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Second Sunday of Lent, Cycle A

Second Sunday of Lent, Cycle A

 

1. Genesis 12, 1-4

  • It is the calling of Abram, a kind of beginning.
  • God does most of the talking.  It’s a kind of invitation, a promise in verse form.
  • It is all made up of blessings.
  • A wealthy man breaking with his family, setting out for a new land.
  • Which God is speaking?  Our God! 
  • Who initiates this?  It is God’s idea, not Abram’s.
  • And what does Abram do?  He listens and follows.
  • How would God speak this?  As in a dream, a soft sell, a warm invitation?
  • What does it mean for us?  Abram became Abraham, our father in faith.  “All the communities.”  That is it!  Everything revolves around this fulfillment of God’s promise.
  • If God is speaking, Abram is also listening.  The key point: What does Abram hear?  That is the mood I will convey, and I will rehearse until I get it right.
  • Another lesson: to hear and obey is noble in the sight of God, so it is enough.  That is the lesson of Lent and our lesson today.  Jesus did that, too (see Hebrews). 
  • I move backward in time as I read.  But the story is made alive in our day because it reaches to “all the communities.”  We care today, and admire Abraham.
  • Remember: he is old and childless.  This gives an added tension to God’s promise.  Where is this fantastic blessed nation?  How will it happen?
  • I pronounce his shortened former name correctly but do not draw attention to this.
  • It is really not one blessing here, but four, and they increase in scope from a single man to all nations.  It could be a progression, either five visions in a night or five different visions in which Abram receives the invitation.  Why don’t I pause between them to show this progression among the blessings?

 

2. Second Letter to Timothy 1, 8-10

  • These are words of encouragement in the name of Paul, to a disciple. 
  • That encouragement in hardship is what makes this a reading for Lent.
  • After that comes a statement of our faith: God’s grace bestowed on us in Jesus.
  • With my eye contact I’ll take the words of encouragement to the people one on one, and then sweep my gaze across the assembly as I take the confession of faith to the level of church.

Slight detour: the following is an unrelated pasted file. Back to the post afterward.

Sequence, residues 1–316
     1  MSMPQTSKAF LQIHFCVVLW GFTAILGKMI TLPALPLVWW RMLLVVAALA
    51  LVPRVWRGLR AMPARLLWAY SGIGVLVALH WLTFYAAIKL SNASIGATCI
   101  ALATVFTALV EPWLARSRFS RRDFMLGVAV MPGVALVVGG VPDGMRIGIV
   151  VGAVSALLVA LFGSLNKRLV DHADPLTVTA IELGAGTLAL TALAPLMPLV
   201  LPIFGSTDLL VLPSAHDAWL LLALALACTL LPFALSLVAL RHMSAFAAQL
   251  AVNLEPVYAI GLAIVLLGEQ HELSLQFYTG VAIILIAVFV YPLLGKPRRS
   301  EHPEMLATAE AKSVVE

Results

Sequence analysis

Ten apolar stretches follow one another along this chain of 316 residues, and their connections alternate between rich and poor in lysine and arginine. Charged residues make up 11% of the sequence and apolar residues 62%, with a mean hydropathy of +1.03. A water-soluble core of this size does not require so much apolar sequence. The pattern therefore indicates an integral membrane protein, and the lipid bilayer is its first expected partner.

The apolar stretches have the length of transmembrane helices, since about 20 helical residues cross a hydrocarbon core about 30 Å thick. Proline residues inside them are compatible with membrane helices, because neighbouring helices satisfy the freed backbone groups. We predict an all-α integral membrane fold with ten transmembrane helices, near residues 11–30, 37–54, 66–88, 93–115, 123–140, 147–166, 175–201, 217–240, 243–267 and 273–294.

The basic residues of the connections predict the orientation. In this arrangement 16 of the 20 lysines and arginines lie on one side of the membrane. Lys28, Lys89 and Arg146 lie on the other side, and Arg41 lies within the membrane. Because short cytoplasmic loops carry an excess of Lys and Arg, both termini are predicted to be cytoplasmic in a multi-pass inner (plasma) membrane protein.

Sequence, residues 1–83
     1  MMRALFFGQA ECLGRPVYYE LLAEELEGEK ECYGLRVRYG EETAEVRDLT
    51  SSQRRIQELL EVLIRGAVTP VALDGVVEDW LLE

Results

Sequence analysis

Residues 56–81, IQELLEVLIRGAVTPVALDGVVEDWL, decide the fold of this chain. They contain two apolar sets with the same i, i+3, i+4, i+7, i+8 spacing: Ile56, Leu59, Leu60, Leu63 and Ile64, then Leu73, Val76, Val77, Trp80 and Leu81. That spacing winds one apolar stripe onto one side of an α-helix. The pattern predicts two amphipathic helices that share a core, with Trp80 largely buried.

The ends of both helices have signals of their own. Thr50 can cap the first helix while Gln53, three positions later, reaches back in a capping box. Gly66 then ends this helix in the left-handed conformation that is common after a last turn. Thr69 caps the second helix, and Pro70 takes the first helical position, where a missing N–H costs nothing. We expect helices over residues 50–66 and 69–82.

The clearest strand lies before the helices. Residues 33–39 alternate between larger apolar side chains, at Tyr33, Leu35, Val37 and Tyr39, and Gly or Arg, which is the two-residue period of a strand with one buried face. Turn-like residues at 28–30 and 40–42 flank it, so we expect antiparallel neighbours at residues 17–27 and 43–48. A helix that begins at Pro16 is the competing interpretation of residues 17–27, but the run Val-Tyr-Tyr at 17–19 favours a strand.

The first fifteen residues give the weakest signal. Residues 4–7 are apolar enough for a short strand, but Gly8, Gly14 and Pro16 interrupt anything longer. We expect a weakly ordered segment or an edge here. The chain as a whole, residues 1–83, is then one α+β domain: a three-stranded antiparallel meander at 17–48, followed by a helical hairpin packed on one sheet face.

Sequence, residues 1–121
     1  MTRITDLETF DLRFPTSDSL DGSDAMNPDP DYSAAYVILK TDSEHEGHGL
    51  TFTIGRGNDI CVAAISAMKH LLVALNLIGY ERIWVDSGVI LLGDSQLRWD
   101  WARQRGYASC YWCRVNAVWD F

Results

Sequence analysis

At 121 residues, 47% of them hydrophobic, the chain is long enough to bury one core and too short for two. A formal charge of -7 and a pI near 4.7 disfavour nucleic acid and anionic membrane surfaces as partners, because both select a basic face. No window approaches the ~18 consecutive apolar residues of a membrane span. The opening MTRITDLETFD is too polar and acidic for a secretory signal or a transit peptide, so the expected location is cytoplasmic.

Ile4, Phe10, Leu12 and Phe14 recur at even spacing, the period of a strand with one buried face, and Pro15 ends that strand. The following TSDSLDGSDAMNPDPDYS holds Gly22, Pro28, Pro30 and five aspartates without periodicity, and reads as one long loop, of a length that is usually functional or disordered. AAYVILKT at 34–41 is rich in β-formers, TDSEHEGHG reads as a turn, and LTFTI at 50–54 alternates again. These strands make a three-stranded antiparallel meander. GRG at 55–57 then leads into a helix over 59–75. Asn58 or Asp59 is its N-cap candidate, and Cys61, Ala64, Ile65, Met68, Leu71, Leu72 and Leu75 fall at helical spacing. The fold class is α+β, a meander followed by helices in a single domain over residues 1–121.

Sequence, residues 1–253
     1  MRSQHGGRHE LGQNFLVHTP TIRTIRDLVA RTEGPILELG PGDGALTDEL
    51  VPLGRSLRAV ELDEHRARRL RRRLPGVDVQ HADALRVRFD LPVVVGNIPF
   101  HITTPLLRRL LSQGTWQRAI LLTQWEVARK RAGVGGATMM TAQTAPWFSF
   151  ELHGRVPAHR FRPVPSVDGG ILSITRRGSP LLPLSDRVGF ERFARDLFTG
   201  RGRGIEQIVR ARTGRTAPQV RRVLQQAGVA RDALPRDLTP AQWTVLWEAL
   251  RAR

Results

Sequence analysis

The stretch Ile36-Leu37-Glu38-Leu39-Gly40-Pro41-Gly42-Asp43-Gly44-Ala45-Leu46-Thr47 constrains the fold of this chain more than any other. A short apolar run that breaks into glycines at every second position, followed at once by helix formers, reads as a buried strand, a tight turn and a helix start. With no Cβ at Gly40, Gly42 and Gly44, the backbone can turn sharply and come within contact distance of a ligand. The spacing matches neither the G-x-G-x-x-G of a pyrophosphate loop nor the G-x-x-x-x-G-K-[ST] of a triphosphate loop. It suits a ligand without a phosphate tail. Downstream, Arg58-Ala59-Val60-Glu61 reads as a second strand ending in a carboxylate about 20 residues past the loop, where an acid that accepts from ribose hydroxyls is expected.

• I need to find a way to bring us into the mystery of salvation – here, today!
  • There are at least a dozen pieces of truth with equal weight.  If I just let one piece flow after another, weaving into each other, I can give a sense of how we are wrapped into Christ.  In my rehearsal I try to manage this flow of phrases.
  • God is doing it!  That is the way!  Strength that comes from God.  He saved us and called us.  And as I read those past tenses I make them sound as if they were present tense.
  • What genre?  We have a letter like the letters to the churches, except that it is addressed to church leaders.  I do not think it ever was a private letter like Philemon.  Both letters to Timothy were meant to be overheard from the very first, shared with the early believers and with ourselves.
  • Finer points: the call to an active testimony to our Lord, very fitting for Lent.

 

Gospel.  Matthew 17, 1-9

  • The Gospel of the Transfiguration of Jesus, that we always read on the Second Sunday of Lent.  And what will we remember this time?
  • And he was transfigured before their eyes.  It sounds very close to an Easter vision, and that makes it an upbeat reading for sure.  This is God’s beloved Son, and Jesus tells them Do not be afraid.
  • There is a process at work here, Jesus became radiant, a number of visions and changes in weather.  That kind of thing happens on mountains.
  • Moses and Elijah appear, and they belong here.  And for a while we keep a place for them: I will make three tents.  But God overshadows the disciples and they saw no one else but Jesus.  That would be my key organizing point of the entire reading: that Jesus recapitulates the Law and the Prophets.  He alone is the Son.
  • Why did the evangelist keep the admonition Do not tell the vision to anyone until the Son of Man has been raised from the dead?  Doesn’t that mean that we are free to proclaim the vision to the whole world?
  • As I polish my delivery I will pay attention to important organizing details: A high mountain in my best story-telling way, pausing to let us picture the mountain.  A father about to introduce his son warmly and admiringly while saying, This is my beloved Son.  And the finality of the concluding scene: They saw no one else but Jesus.

Word to Eucharist: People feel exhilirated in the thin air of a mountain peak, and even after they have returned to ground level.  Shouldn't we feel that way if we have truly gone with Jesus to his revelation as Son?

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